Tim's early career commenced in banking before he determined to follow a course in Hotel Management. After placements and various roles in hotels and restaurants he progressed in catering management at major London teaching hospitals. This proved a rich environment for all areas of management development. Within 5 years he was acting as District Catering Manager for Guys and its group of hospitals.
In 1989 Tim joined High Table a privately owned caterer in the City of London with a £10m turnover as Operations Director. Four years later, and following its acquisition by French group Elior he became Managing Director. His success with the company was recognised in 1998 when Tim was awarded the prestigious Catey Award for Food Service Manager of the Year – a definite career highlight.
Tim is currently Chairman of Lexington Catering, which he joined in 2006. The company caters to the directors and staff of blue chip companies in and around London. Turnover has risen to £25m with some 500 employees and 35 clients including banks, law firms, the London Business School, and even a major brewing group. Lexington is regarded as a ‘quality operator’ – and has received accolades such as the Sunday Times 100 Best Companies to work with (11th), Investors in People - Gold Award, Gold Medal at the parade of Chefs at Hotelympia.
How are you working with Brookes currently?
I retains close links with Oxford Brookes where I am a visiting Fellow now mainly in an ambassadorial role. I was also a founder member of the Mentoring Scheme for all final year students through chairing the Alumni association of the hotel school.
What success stories have you had?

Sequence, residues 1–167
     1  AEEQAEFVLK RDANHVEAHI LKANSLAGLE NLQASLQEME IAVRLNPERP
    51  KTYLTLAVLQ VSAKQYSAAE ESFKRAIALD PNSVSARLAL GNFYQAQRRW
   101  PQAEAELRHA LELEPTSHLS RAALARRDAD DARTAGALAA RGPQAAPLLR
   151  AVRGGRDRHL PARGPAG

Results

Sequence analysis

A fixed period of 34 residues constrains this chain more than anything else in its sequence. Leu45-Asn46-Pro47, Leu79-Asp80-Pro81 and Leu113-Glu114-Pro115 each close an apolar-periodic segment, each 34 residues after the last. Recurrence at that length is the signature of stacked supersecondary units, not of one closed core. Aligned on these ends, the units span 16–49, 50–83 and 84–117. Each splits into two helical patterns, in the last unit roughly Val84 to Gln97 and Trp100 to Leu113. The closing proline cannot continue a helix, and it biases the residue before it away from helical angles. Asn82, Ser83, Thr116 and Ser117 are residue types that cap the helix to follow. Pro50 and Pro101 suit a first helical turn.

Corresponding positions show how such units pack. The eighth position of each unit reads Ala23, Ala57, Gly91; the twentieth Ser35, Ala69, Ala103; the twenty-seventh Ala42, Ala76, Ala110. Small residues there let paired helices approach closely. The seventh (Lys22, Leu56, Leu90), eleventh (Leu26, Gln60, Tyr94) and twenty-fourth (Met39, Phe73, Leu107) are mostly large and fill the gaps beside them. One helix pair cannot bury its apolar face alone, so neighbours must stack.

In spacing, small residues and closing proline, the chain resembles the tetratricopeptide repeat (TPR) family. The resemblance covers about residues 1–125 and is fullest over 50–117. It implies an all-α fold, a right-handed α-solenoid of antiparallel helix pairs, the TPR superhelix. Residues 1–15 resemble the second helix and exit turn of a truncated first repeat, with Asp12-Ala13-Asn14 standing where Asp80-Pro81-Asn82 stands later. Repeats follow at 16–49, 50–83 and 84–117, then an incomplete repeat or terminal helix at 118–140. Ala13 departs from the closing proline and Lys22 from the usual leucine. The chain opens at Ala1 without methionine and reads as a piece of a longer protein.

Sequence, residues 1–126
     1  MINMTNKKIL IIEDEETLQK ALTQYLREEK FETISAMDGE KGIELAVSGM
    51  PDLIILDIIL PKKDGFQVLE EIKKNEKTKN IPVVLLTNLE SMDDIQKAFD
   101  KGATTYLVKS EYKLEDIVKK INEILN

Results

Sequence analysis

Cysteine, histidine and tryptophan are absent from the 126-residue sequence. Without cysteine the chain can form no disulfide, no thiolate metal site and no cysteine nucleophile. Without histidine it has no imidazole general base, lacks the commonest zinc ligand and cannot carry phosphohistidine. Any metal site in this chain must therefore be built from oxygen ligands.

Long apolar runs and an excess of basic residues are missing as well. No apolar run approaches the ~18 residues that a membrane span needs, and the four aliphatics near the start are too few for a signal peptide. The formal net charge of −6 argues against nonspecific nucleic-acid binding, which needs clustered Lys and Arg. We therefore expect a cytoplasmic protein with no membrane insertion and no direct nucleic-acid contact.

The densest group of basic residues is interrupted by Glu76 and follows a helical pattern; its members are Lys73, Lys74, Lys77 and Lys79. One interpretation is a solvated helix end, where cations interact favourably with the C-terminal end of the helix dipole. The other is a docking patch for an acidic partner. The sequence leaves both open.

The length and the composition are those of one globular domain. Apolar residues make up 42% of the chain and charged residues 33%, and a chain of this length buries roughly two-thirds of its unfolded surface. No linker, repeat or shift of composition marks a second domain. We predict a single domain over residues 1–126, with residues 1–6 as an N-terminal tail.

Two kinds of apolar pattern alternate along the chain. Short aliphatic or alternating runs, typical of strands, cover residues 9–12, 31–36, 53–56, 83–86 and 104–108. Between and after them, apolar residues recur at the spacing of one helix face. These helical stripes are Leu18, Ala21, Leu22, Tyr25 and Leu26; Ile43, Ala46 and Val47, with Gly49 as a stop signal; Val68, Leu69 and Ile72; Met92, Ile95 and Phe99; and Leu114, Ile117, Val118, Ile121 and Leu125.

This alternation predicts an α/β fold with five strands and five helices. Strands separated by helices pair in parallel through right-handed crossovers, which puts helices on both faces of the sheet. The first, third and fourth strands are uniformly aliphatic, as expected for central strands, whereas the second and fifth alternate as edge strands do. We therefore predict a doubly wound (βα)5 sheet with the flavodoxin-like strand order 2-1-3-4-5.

I have grown three businesses to become market leaders, won our industry equivalent of an Oscar. In relation to Brookes – helped with the creation and delivery of the Mentoring scheme for the Hotel School.
What’s the benefit personally or commercially to working with Brookes?
It's very rewarding to re-engage in terms of giving something back, understanding the department and university at a high level, influencing elements of strategy, meeting some great people along the way both existing students and peers in the department and on the mentoring scheme. Also ensuring that our sector of the industry is not forgotten!
How would you like the partnership between Oxford Brookes and yourself to develop?
It is pretty well developed already. I believe it is essential to keep contacts with alumni of all eras – not just the old and visible or the just left – but also those from 10 to 20 years ago.
What do you recommend to others who would like to help the university?
Check with your old department how you can re-engage, let the alumni office know, don’t leave it to others!